“Money is like blood. It needs to keep moving around to keep the economy going… [and] when money is spent elsewhere—at big supermarkets, non-locally owned utilities and other services such as on-line retailers—it flows out, like a wound.” -David Boyle, The New Economics Foundation
These days, anyone living in a small community (or any community for that matter) knows the meaning of the phrase “buy local.” In fact, in some thriving towns residents go the extra mile to vote out big-box chains like Walmart and Costco. Saranac Lake, NY, for example, not only banned the Walmart mega-giant, but also formed a community-owned department store coop in response to its proposal to move in.
But while we all know it’s “right” to keep our dollars close and pass them with a handshake, is it really, honestly, imbedded in our purchasing mantra?
For some die-hards, the answer is “Absolutely, Yes!” while others may lie somewhere in the middle—supporting local businesses, but caving to the big-box when money is tight.
So this spring break, let’s #BeTheChange by not only supporting our local businesses, but also by patronizing the local businesses in the places we travel. How about foregoing a McCafe by adventuring farther off the interstate for a handcrafted brew instead? Or grab your last-minute camping supplies from the hometown shop. I bet they give you more insider info than the guy at Walmart ever could.
Why adopt this mindset?
Funny you ask. We prepared a few responses—just in case—that will surely reset your thinking.
- Buying local builds a sense of community. Casual encounters trump Facebook. So whether it’s your community or someone else’s, local meetings lend a feel-good vibe. By supporting a local entrepreneur, you may also get first-hand feedback on a product, learn about a timely community happening, or form a new relationship with like-minded folks.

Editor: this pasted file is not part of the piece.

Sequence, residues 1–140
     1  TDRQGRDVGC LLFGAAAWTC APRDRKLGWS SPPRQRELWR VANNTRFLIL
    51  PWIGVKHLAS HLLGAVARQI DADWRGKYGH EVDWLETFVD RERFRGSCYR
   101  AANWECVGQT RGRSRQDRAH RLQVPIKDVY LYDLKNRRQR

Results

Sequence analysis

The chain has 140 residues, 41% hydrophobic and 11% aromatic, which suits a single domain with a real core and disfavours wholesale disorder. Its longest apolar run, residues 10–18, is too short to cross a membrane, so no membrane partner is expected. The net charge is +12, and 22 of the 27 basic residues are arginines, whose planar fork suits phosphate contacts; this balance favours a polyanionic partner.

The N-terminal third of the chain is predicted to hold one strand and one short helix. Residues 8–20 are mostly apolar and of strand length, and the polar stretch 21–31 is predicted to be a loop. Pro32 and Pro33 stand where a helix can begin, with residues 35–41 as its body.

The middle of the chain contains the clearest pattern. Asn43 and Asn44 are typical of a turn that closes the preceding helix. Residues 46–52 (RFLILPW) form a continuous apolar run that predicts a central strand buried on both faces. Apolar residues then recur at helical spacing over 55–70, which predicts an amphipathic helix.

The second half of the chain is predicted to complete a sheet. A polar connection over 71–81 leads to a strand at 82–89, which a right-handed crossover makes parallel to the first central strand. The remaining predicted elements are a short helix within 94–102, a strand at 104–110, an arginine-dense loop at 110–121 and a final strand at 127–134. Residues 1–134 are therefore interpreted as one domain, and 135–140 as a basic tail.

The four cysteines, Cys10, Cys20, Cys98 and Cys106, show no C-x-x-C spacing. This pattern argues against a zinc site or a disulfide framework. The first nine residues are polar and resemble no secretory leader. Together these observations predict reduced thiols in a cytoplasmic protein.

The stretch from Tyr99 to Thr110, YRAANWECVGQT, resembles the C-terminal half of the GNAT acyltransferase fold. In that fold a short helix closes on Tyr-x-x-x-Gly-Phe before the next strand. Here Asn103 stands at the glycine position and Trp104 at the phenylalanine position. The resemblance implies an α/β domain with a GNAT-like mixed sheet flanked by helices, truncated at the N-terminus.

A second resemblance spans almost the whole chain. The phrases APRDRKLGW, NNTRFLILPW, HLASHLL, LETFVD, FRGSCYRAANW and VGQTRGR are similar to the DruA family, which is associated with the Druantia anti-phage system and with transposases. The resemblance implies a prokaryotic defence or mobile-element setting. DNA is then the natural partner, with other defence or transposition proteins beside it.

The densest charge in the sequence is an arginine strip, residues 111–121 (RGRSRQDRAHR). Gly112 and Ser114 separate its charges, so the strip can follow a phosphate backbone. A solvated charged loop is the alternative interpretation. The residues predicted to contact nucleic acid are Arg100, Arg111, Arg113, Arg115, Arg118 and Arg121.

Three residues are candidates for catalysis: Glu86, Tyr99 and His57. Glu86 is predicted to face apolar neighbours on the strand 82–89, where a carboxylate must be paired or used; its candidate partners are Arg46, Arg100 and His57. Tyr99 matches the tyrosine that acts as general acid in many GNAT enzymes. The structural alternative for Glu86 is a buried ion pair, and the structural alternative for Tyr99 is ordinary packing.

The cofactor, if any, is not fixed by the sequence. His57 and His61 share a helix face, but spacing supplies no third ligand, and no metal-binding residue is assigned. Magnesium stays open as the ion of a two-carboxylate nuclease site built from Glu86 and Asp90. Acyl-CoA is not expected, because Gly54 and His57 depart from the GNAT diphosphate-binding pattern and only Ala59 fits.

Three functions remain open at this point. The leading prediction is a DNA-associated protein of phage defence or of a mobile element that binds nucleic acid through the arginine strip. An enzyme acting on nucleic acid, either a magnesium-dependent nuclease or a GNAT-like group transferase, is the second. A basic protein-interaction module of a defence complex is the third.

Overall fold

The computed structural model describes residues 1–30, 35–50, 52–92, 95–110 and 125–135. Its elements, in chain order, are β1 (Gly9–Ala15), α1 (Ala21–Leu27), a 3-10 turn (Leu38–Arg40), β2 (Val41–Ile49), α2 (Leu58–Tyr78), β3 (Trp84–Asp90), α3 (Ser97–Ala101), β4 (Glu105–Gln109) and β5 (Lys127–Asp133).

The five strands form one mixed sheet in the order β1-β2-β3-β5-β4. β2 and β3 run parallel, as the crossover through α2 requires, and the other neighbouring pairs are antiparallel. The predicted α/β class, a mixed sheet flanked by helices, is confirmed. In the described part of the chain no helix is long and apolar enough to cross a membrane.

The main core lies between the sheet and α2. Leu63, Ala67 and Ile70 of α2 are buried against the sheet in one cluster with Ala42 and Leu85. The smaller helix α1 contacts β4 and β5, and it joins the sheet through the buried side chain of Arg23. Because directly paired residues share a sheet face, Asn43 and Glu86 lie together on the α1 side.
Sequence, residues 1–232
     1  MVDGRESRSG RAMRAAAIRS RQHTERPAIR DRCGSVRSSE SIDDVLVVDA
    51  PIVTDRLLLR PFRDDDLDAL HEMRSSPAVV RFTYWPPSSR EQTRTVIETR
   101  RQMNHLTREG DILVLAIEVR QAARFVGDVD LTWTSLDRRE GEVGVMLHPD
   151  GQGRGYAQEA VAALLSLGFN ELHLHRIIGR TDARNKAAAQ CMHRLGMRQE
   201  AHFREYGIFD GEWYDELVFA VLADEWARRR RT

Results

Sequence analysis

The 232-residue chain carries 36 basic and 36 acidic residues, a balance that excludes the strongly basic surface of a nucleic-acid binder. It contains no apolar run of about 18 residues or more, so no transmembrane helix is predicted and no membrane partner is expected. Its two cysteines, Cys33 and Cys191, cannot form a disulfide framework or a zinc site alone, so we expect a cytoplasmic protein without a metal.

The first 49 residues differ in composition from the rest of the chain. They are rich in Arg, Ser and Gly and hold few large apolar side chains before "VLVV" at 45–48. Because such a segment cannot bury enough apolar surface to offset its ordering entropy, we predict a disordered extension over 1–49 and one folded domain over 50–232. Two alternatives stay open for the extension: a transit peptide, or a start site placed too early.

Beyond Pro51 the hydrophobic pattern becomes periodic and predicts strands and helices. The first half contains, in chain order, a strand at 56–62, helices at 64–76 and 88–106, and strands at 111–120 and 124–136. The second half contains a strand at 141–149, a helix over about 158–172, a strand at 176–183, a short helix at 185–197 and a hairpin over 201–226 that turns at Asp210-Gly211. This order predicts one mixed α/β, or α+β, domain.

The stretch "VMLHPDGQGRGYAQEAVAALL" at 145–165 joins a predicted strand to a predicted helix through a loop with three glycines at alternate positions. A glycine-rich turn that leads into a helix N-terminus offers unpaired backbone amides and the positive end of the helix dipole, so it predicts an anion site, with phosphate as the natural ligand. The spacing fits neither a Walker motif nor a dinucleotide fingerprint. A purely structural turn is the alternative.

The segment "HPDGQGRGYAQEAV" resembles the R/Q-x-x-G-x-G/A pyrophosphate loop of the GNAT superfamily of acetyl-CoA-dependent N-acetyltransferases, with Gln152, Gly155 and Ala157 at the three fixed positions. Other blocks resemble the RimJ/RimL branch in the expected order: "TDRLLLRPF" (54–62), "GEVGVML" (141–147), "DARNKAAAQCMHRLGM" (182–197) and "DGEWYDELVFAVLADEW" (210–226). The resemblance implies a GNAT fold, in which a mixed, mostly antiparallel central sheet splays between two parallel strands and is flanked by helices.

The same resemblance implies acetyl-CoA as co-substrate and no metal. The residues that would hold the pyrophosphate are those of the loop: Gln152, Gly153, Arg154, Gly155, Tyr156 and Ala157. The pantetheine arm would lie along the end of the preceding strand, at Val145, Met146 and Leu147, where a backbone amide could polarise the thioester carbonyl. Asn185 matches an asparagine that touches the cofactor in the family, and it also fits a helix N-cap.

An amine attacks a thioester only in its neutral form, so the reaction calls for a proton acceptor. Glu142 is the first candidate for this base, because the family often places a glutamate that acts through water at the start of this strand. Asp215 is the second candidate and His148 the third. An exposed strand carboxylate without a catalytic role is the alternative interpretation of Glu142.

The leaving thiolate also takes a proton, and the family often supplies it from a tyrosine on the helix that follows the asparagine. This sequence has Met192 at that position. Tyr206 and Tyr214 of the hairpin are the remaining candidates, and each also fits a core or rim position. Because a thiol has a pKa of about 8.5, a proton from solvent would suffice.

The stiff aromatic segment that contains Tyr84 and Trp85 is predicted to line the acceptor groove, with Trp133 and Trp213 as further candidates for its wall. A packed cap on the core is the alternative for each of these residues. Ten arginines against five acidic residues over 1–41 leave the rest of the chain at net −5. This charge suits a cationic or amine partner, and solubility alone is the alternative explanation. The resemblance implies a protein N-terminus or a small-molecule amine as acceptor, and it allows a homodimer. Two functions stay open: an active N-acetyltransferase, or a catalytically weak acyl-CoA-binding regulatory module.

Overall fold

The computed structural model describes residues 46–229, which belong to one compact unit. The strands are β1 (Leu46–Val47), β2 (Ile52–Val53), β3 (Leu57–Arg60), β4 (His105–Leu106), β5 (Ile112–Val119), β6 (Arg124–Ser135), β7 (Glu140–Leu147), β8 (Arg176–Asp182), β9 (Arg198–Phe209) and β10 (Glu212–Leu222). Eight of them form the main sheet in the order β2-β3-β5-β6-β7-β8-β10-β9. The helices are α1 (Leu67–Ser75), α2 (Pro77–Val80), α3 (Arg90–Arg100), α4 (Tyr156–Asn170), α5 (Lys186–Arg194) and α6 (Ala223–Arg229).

- Buying local shapes a community’s character. Ask yourself, why do I live here? Or if you’re visiting another awesome place, why do others live here? It’s the community’s sense of character, of course! Local businesses make for a one-of-a-kind town. They shape the vibe. Think about your favorite local shop or café. How would your town suffer without it?
- Buying local enhances the “velocity” of money. Since money exchange is circular in nature, spending locally allows it to circulate more quickly because it passes through more local hands in your community. Conversely, if you buy from a big box, their enormous profits almost always leave the region. By passing money through more local hands, residents benefit from both the wealth and purchases.
- Buying local is good for your health. A town filled with independent stores and cafes supports a walkable center, has less traffic, and is less polluted. And most goods sold locally, such as produce from farmer’s markets, are sourced regionally from local farmers with sustainable practices.
- Buying local supports community groups. Did you know? Non-profit organizations, like the Teton Freedom Riders or Full Circle Education, receive an average of 250% more support from local owners than they do from large businesses. By supporting our entrepreneurs, we also support vital community organizations that enhance our culture and area’s livability.
While there are many more reasons to buy local, we thought this core few would be enough to tweak your mindset. So before you grab your bike or board and head off to points warmer, take inventory of what you need and from whom you’ll buy it. Spread a little love in your town’s center and also in the towns you visit. We’ll check back with you during the holidays to see if you passed the test …